"Now these people have no apartment, and no money," said Sergey Mokrushin, an investigative journalists with Chernomorskaya who spent months examining Konstantinov's finances.

Official investigations, though, never apparently began. Members of the parliament are immune from prosecution, and Konstantinov's powerful ties to the now-ousted Ukrainian ruling party meant investigations could be easily stalled.

"He's untouchable," Mokrushin said.

He does, however, have supporters.

Gennady Ivanchenkov, a 56-year-old Simferopol economist, said he's impressed with Aksyonov's leadership in such a tumultuous time. As for Aksyonov's past, he isn't sure the "Goblin" stories are true, and even if they are he isn't worried.

"Those pages of his life, they are not relevant," he said. "You know, the '90s were such dark times and now I can only judge him by what he's doing now."

Join the discussion

1000|Characters 1000  Characters
Bob March 09 2014 at 9:42 AM

Until the Crimeans are able to elect honest politicians, they, and Ukraine, will have the same problems over and over. The people will find out soon that this guy is a crook, a dictator, and another coup will take place, over and over, until they figure out that they have to get honest, or well meaning, people as leaders.
Look at all the other countries that had "democratic elections" finally, only to find out later that they had elected dictators.
It takes time, for the people to figure this out,,, time some counties dont have. Maybe indeed they might be better off under the control of Russia, it might right now be the best thing for them, as they probably can't survive on their own.

Flag Reply +4 rate up
eeodjo March 09 2014 at 10:48 AM

This is the reason why Russia always get into any kind of conflict. Figure it out, the pro Russian Ukraine's "Ex" president Yanukovych was already branded by Putin as failing his presidential duties. Yet Putin believes in him and his lies about the Ukranian people, which prompted Putin to seized Crimea and gets his military force ready for combat. Now, a brand new, "Unknown"-power seeking small time politician emerges from some kind of garbage and takes the lead in Crimea. Why is it that small type of hoodlums always makes the big splashes? I hope Putin learns before it is too late.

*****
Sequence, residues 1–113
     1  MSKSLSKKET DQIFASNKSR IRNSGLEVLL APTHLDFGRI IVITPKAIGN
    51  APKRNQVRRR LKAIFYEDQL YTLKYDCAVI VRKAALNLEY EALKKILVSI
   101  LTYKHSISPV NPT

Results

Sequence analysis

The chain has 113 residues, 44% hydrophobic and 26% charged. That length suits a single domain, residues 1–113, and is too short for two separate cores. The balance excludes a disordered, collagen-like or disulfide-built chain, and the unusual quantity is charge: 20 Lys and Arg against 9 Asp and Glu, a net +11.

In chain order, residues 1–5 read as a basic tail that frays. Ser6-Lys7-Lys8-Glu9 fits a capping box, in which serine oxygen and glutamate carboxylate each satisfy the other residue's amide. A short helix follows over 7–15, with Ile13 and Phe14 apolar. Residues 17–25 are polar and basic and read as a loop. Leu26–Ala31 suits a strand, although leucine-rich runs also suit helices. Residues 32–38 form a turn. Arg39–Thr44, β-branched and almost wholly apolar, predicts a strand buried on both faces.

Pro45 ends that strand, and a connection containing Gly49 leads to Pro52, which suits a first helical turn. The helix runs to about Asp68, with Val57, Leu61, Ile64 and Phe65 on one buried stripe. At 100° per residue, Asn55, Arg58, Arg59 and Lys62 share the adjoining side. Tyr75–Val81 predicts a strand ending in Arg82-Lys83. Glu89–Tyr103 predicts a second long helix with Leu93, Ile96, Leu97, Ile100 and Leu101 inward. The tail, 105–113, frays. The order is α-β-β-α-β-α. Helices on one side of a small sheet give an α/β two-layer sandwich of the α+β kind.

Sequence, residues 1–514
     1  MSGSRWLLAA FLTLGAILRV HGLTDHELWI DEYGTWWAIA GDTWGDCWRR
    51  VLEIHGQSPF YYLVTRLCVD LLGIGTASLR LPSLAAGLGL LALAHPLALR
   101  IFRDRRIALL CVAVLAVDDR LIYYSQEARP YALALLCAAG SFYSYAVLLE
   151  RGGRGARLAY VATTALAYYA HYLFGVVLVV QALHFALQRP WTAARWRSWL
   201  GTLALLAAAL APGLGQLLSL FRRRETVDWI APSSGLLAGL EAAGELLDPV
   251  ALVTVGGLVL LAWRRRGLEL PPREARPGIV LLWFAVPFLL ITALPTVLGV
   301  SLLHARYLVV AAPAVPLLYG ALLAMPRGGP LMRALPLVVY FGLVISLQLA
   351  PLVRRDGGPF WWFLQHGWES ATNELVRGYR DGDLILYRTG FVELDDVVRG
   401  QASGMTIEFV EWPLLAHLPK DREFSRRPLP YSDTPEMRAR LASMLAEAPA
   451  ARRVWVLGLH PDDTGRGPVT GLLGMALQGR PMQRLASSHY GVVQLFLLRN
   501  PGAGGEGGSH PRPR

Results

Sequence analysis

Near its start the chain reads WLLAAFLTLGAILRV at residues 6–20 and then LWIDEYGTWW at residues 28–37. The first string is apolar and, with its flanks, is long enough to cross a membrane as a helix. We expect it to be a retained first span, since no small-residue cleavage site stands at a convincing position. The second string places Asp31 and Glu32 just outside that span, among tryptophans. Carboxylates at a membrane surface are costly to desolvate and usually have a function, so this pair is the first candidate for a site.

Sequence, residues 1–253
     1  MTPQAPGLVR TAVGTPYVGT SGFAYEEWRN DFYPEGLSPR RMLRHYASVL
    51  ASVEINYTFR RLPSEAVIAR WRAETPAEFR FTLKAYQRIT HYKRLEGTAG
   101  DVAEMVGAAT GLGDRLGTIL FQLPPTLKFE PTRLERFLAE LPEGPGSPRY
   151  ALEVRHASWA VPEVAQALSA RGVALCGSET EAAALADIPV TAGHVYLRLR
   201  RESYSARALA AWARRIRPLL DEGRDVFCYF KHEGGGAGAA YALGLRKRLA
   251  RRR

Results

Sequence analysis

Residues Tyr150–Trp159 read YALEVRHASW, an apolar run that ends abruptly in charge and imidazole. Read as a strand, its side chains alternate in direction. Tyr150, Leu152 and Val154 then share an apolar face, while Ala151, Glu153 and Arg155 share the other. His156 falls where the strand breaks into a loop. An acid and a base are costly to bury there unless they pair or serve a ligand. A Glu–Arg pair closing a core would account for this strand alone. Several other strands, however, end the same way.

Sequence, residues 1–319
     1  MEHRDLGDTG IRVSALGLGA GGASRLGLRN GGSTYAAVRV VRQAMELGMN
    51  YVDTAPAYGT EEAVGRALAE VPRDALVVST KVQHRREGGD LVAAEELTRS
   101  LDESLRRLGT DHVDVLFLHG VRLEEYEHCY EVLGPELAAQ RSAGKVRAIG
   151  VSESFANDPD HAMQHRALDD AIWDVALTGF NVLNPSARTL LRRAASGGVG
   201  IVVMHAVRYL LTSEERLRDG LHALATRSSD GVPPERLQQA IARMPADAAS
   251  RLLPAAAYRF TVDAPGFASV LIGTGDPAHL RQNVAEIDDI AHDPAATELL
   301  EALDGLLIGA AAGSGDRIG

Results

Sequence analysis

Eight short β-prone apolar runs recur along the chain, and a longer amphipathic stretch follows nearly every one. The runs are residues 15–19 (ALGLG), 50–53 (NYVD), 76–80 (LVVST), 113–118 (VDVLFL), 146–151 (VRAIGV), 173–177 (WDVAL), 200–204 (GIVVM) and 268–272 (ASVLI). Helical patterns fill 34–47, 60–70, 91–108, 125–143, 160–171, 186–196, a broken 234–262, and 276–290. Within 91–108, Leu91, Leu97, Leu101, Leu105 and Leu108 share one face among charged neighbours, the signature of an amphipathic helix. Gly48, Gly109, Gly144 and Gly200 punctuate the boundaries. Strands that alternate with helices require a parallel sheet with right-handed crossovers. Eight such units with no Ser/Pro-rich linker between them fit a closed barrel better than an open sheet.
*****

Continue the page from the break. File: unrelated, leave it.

Flag Reply +2 rate up
atisonc March 09 2014 at 10:28 AM

Maybe this guy is part of the landmine cleanup committee that King Phillips Daughter in Law and William and Harries Mother tried to cleanup before she died. Lets give Russia time to pick up their own trash. Y'know,??

Flag Reply +1 rate up
Gerrie March 09 2014 at 9:51 AM

if you are one of the former Eastern Bloc countries you are watching this very carefully and making plans with Europe not to let this happen to them! this might be the best thing to happen to open they eyes of Europe going into the future....

Flag Reply +1 rate up
fabiolenoir March 09 2014 at 10:28 AM

I hope they dont bring their problems in the US and to other EU countries. We already have enough of immigrants and polictal assylum seekers...

Flag Reply +3 rate up
kdarmon58 March 09 2014 at 10:23 AM

Everyone needs to vote for the people they want in any office. But so many do not but are the first to say we need change. Get out and vote.

Flag Reply +2 rate up
Gerrie March 09 2014 at 9:49 AM

we call this "out of the pot to the frying pan"! good luck Crimeana...

Flag Reply +3 rate up
alamaden March 09 2014 at 9:24 AM

One more in an extremely long list of demagods that are created by AOL/HP in its search for stories that are based on ___________ you fill in the blank hp... sad but all the public now wants after these last 6 years of charades is the truth and nothing but the truth.... and you ( no offense btw) tell the public stories that are light years from the truth.... Grow up !

Flag Reply +2 rate up
wfathertime March 09 2014 at 9:27 AM

Mob law never worked before what makes them think it will now.

Flag Reply +4 rate up
fernandezarthr March 09 2014 at 9:49 AM

....All of sudden many Russian think that Putin is doing is the same thing America does,.........That is a bad comparison,........America, Liberates the Oppress, Empowers people...................Russia is the opposite...........Russia, subjugates, takes away Freedoms, enslaves...............so don't go around your spreading you stupid messages of ......."Liberation"........we Know what Communist are all about!!,........

Flag Reply +6 rate up
1 reply
ankichavez fernandezarthr March 09 2014 at 10:01 AM

it seem that you have been indoctrinated by the education system and the media in this country like most of the people. My advise: do lots of research, do not trust the corrupt US media, FOX news included. At the end of the tunnel you'll see the light.

Flag Reply +2 rate up
aol~~ 1209600



World Series

More From Our Partners